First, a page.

OBJECTIVES: To compare assessments of malocclusion made by an orthodontist with the perceptions of children and their parents. METHOD: A sample of 5,112 Malaysian schoolchildren was selected by a system of stratified random sampling based on state, ethnicity and gender. Each child was first allocated an IOTN (AC) grade by an orthodontist, after which the child and then the parents also recorded a grade. A smaller sub-sample of 720 children was also asked to identify the three worst AC pictures and to give reasons for their choice. RESULTS: The orthodontist scored 22.8% of the subjects in AC grades 8-10, 'Definite Need for Treatment' whilst only 5.8% of children and 4.8% of parents recorded these grades. If AC grade 6 is taken as the cut off point the proportions needing treatment would be 41.8%, 9.7% and 9.9% respectively. Similar proportions of boys and girls scored their own teeth in the 8-10 range but more girls than boys scored themselves in grades 1-3, 'No Need for Treatment'. Ethnic origin had no effect upon the perception of malocclusion by the children. Crowding, deep bite and tooth size were the three occlusal features that children liked least. CONCLUSION: The IOTN (AC) index appears robust in its reflection of the perception of malocclusion by children and parents respectively. Assessments were little affected by gender or ethnicity. However the scores of children and parents were much lower than those of an orthodontist trained in the use of IOTN.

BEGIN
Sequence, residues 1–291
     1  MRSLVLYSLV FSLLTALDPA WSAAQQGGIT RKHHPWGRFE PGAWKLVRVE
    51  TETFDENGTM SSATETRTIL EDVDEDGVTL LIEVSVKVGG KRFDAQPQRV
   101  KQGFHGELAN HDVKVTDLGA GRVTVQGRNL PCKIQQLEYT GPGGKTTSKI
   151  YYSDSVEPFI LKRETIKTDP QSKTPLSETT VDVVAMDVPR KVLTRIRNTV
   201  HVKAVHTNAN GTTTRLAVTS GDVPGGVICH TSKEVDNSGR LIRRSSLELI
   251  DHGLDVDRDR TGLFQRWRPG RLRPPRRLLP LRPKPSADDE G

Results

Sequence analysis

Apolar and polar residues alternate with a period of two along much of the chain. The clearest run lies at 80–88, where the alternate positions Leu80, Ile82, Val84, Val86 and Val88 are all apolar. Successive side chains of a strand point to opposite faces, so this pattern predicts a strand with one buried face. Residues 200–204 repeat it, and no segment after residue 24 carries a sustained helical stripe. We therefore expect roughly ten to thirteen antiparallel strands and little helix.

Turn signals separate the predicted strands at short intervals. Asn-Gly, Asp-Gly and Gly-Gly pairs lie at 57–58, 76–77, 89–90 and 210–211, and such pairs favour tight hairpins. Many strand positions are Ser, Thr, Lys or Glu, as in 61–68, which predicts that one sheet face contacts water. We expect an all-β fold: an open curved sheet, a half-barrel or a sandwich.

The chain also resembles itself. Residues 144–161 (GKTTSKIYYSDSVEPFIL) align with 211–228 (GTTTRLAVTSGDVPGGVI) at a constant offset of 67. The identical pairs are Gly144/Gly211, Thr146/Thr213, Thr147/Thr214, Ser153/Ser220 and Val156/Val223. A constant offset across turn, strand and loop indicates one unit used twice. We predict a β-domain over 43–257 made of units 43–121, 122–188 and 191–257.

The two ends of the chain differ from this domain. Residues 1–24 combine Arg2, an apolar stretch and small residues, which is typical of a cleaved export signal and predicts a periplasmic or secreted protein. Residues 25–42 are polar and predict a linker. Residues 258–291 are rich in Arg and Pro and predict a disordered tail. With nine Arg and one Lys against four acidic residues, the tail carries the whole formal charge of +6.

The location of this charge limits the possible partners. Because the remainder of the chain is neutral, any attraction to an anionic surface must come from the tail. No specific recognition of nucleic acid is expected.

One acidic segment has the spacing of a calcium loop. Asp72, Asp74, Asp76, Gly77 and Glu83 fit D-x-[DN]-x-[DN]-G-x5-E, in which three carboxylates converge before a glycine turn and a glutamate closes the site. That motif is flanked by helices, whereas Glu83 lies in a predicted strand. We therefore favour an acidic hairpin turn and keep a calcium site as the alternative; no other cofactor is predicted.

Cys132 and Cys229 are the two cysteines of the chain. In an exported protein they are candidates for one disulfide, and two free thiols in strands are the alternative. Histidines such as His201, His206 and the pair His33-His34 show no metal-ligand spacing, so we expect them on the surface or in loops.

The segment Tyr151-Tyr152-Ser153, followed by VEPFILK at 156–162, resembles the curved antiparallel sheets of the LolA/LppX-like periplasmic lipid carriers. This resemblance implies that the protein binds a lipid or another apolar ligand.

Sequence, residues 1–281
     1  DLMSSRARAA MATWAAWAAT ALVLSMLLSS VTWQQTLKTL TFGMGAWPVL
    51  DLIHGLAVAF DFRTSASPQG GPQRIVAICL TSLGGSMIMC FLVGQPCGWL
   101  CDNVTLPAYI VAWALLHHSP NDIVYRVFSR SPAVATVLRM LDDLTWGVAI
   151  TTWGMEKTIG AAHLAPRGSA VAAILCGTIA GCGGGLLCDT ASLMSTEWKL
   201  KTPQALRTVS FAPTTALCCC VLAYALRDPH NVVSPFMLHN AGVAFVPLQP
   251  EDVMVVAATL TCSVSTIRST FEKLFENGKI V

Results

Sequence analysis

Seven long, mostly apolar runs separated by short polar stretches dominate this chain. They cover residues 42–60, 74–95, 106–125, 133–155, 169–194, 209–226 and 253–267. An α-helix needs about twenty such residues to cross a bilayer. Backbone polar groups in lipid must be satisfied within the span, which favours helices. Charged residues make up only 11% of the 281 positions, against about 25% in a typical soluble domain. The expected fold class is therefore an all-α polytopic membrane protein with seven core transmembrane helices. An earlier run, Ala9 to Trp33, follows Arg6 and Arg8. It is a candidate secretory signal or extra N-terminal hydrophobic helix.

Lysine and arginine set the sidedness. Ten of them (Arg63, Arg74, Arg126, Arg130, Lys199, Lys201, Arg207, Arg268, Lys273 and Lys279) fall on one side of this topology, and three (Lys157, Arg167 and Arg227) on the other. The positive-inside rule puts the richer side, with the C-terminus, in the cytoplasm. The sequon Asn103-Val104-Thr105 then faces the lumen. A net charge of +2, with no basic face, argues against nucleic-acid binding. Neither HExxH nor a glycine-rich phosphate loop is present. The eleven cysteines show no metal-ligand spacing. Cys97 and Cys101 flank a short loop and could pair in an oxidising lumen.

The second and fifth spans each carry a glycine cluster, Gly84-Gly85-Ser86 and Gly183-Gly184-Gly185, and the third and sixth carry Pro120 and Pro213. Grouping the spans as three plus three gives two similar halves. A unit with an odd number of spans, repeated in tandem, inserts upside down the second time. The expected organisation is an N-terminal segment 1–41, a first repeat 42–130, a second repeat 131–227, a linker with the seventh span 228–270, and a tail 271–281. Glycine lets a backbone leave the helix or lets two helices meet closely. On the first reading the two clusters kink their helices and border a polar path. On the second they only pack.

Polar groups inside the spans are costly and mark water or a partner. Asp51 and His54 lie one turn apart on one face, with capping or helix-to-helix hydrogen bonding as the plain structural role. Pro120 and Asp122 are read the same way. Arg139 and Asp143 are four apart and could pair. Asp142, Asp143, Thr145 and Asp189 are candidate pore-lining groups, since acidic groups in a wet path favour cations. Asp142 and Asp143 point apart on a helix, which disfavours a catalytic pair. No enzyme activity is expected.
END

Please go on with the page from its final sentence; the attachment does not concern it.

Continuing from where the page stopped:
|Number of pages||5|
|Journal||Community Dental Health|
|Publication status||Published - 1 Jan 2002|